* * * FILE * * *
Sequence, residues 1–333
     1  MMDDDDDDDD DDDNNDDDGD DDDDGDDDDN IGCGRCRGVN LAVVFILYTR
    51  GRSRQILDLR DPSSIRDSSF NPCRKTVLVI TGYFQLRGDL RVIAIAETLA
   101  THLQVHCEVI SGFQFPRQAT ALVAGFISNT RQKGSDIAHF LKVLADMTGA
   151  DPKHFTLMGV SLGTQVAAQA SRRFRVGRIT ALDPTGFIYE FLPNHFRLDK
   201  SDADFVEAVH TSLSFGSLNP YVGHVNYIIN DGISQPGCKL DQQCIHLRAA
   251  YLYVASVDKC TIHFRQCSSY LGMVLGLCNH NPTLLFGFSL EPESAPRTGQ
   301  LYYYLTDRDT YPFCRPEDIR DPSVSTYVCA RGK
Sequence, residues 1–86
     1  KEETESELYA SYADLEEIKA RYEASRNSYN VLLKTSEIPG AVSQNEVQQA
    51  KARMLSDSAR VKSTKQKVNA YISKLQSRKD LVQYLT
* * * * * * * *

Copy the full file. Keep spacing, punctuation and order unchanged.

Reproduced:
Sequence, residues 1–333
     1  MMDDDDDDDD DDDNNDDDGD DDDDGDDDDN IGCGRCRGVN LAVVFILYTR
    51  GRSRQILDLR DPSSIRDSSF NPCRKTVLVI TGYFQLRGDL RVIAIAETLA
   101  THLQVHCEVI SGFQFPRQAT ALVAGFISNT RQKGSDIAHF LKVLADMTGA
   151  DPKHFTLMGV SLGTQVAAQA SRRFRVGRIT ALDPTGFIYE FLPNHFRLDK
   201  SDADFVEAVH TSLSFGSLNP YVGHVNYIIN DGISQPGCKL DQQCIHLRAA
   251  YLYVASVDKC TIHFRQCSSY LGMVLGLCNH NPTLLFGFSL EPESAPRTGQ
   301  LYYYLTDRDT YPFCRPEDIR DPSVSTYVCA RGK
Sequence, residues 1–86
     1  KEETESELYA SYADLEEIKA RYEASRNSYN VLLKTSEIPG AVSQNEVQQA
    51  KARMLSDSAR VKSTKQKVNA YISKLQSRKD LVQYLT